A self-assembled Stanford Libraries working group has recently revised the Stanford Libraries Code of Conduct, especially as it relates to conferences and events we host and attend. Group members included Amy Hodge, Cathy Aster, Glynn Edwards, Mark Matienzo, and Mike Giarlo.
Blog topic: News
You may have seen a new face around the McDermott Suite lately. Diane Otosaka is spending a month in HASRG learning about academic librarianship. Diane's hometown is Dinard, a city in Brittany, France, but she is working on her PhD in England. I've asked her to write up a brief note introducing herself and her interests. Her main project is to work with the database of images that is part of the French Revolution Digital Archive, and she'll be participating in other activities around SUL. It's a pleasure to have her join us -
Stanford University is a member organization of The Carpentries, a nonprofit dedicated to teaching foundational skills for research computing skills. This partnership is managed by Dr. Amy Hodge of the Stanford University Libraries, and is open to the entire campus community. Over the past few quarters the Stanford University Libraries have offered the popular two-day Software Carpentry workshops as an open enrollment to anyone on campus. Other campus organizations have also run and will continue to run similar versions of these workshops.
We are excited to welcome Quentin Verwaerde of the French national library school, ENSSIB, to Stanford Libraries for term-long internship. He’ll mainly be working with Nicole Coleman and Sarah Sussman, but is looking forward to meeting folks around the library. To introduce him to SUL, we’ve asked him to tell us a bit about himself -
Stanford University’s Cathy Aster, Product and Service Manager in Digital Library Systems and Services graciously invited me to write a second guest blog post for the Digital Library Blog earlier this year, so here I am, belatedly taking her up on that generous offer.
Mimi Calter is Deputy University Librarian at Stanford Libraries, where she directs strategic planning, manages capital and departmental projects, advocates for library programs both locally and globally, coordinates outreach to faculty and advisory groups, and keeps policies compliant with current copyright and patron privacy laws. In this interview, Mimi discusses a strategic approach to these issues and how her career at Stanford has presented opportunities to grow and to learn.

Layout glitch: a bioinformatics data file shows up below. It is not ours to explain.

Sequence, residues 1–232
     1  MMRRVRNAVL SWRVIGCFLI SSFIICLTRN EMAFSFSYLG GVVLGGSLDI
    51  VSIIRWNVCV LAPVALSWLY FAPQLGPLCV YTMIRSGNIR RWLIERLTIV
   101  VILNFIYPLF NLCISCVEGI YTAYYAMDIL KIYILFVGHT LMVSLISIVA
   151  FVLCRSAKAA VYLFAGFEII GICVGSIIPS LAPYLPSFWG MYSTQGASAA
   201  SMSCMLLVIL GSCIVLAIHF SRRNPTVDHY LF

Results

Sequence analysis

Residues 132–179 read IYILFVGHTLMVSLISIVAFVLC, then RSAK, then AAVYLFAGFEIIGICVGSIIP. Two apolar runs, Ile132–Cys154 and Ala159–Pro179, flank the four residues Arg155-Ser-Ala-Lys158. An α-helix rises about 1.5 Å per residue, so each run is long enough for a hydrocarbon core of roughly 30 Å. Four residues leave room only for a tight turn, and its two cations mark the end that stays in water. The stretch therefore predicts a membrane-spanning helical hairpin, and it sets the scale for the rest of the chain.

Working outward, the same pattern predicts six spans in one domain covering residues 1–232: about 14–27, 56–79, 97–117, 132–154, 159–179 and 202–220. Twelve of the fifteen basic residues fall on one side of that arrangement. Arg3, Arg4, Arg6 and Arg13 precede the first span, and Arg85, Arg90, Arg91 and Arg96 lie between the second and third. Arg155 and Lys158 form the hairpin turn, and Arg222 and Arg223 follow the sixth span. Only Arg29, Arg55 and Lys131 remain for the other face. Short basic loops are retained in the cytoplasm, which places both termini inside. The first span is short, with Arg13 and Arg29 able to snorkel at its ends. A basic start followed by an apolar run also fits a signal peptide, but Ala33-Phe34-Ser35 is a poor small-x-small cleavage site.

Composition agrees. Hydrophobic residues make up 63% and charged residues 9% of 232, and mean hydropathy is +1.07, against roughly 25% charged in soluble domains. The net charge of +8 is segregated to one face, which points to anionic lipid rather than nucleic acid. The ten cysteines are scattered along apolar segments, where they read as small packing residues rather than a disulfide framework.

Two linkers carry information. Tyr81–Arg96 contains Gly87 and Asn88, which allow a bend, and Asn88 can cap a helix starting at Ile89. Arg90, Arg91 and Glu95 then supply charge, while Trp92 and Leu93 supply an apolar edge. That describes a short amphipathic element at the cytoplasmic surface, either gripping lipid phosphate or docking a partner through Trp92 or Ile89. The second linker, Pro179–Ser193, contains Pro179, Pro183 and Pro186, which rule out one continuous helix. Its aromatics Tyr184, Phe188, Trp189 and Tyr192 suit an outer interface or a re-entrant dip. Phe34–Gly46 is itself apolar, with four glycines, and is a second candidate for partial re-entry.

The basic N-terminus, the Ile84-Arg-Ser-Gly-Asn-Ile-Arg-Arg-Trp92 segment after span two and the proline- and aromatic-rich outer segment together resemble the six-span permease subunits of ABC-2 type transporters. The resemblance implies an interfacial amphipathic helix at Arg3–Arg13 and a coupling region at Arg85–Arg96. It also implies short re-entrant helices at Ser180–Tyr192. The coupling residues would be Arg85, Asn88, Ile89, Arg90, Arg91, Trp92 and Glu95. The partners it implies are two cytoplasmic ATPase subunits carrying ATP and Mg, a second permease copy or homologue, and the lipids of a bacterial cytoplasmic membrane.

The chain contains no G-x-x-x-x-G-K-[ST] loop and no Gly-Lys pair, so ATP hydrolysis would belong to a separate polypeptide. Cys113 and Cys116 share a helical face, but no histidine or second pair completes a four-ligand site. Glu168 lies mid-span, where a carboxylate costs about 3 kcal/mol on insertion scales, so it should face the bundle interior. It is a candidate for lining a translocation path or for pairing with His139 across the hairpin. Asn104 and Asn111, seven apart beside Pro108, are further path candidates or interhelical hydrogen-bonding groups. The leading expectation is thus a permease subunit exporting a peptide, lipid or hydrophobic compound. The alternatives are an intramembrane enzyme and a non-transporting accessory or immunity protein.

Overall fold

How do you approach and implement strategic planning?
The Premium version of protocols.io -- a collaborative platform and preprint server for methods and protocols -- is now available free to all Stanford users! Funded by the Dean of Research and supported by Stanford Libraries, protocols.io allows you to create step-by-step detailed, interactive and dynamic protocols that can be run on mobile or web. This platform is useful for researchers in any discipline that uses a step-by-step methodology, including life sciences, engineering, chemistry, data science, and computational social sciences.
- Creating Protocols: Protocols can be made from scratch or uploaded and converted from an existing Word or PDF document quickly and easily. In addition, if you have a particularly complex protocol, the staff at protocols.io will import a protocol for you.
- DOIs & Publishing: Using the Premium version of protocols.io, you can share your protocols privately with labmates and collaborators, or publish them publicly with a Digitial Object Identifier (DOI) via protocol.io's open access repository. Getting a DOI for your protocol will make it easier for others to find and cite your protocols and give you credit for your work. And when you link from articles you publish to one of your own published protocols, you make your research articles more reproducible.
- ORCID Connection: You can also connect your protocols.io account with your ORCID iD, which will allow protocols.io to automatically post information about your published protocols onto the Works section of your ORCID record.
Keep reading to find out how to get started!
It is with mixed emotions that we today say goodbye to our dear colleague and friend Jenny Johnson, who is off to the Northwest to begin the next chapter in her life. In 2008, Jenny joined the Archives, where she worked for a year before moving over to Special Collections from 2009-2011 to process the Stephen Jay Gould Papers.